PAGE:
Rapture of the Deep is the 18th studio album by the British hard rock band Deep Purple, released in November 2005.
This is the fourth studio outing by Deep Purple since Steve Morse joined on guitar, and confirms that Ian Gillan can still write engaging lyrics and sing with power and subtlety; it also confirms that Steve Morse cannot produce solos that you will remember for a lifetime, but that he can provide a range of textures and sounds which Blackmore never did. Don Airey has recaptured the classic Hammond sound identified with Jon Lord, and his playing is magnificent. Paice is smothered in the mix, while Glover stands out. Michael Bradford's production leaves something to be desired - both Gillan and Paice were up front on Bananas, not so here.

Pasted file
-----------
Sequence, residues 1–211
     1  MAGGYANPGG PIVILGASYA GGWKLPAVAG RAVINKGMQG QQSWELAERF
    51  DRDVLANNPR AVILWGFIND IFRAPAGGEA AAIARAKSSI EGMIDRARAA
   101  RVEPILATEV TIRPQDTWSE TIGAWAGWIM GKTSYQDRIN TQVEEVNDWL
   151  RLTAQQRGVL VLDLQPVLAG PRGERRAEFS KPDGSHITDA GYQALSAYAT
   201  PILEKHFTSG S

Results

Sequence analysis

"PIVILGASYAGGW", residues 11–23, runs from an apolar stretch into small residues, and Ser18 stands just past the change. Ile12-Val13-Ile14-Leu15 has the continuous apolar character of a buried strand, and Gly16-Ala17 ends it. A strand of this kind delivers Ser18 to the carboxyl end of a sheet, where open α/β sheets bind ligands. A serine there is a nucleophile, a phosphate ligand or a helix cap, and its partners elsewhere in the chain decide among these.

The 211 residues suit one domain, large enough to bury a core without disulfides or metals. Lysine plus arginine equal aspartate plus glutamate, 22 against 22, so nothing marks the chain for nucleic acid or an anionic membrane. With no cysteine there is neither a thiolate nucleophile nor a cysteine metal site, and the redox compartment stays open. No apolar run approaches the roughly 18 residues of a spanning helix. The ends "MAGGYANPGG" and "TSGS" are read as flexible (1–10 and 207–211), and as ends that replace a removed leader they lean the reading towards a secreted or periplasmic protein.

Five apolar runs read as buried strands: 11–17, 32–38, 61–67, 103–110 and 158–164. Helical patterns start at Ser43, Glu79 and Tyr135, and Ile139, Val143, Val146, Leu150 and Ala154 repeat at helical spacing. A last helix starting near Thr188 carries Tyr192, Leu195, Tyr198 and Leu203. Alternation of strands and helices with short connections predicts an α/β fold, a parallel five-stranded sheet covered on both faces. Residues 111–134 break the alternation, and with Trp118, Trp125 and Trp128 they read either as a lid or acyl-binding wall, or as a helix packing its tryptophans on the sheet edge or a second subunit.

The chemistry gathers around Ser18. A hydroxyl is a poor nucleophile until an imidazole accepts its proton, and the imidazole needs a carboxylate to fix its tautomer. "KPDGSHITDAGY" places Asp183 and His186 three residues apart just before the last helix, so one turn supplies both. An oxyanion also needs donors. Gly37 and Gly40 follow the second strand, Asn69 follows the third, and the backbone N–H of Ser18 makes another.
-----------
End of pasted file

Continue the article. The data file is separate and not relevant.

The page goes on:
Now for the songs themselves. Money Talks is a long, lumbering song featuring incisive lyrics. Perhaps not the ideal opener, if you prefer an album to crash through the gates. Girls Like That is more conventional, though not exceptional. Wrong Man is a cracker - a powerful riff and some great singing by Gillan give this song an immediacy and vitality that's impossible to resist. The title song is their second 'Perfect Strangers', a near classic. An inspired solo, rather than the generic one Steve delivers here, would have elevated his song to the stratosphere. Clearly Quite Absurd is a sensitive, gentle song on which Gillan really shines. It's the 'Walk On' of Rapture. Or, to those more familiar with the output of earlier line-ups, it's a worthy successor to When A Blind Man Cries or even Soldier of Fortune. Don't Let Go is dispensable, Back to Back has a strong groove and crunchy guitars, Kiss Tomorrow Goodbye is a hard-rocking rant against man's plunder of the planet, MTV is a satirical take on the music industry which cold shoulders bands like Purple, Junkyard Blues is just about adequate (Don Airey is good though), and the last song, Before Time Began, is another attempt at conscience stirring. It's broken into several parts, and the ones that work best are those that contain elements of progressive rock. Overall a sturdy album.
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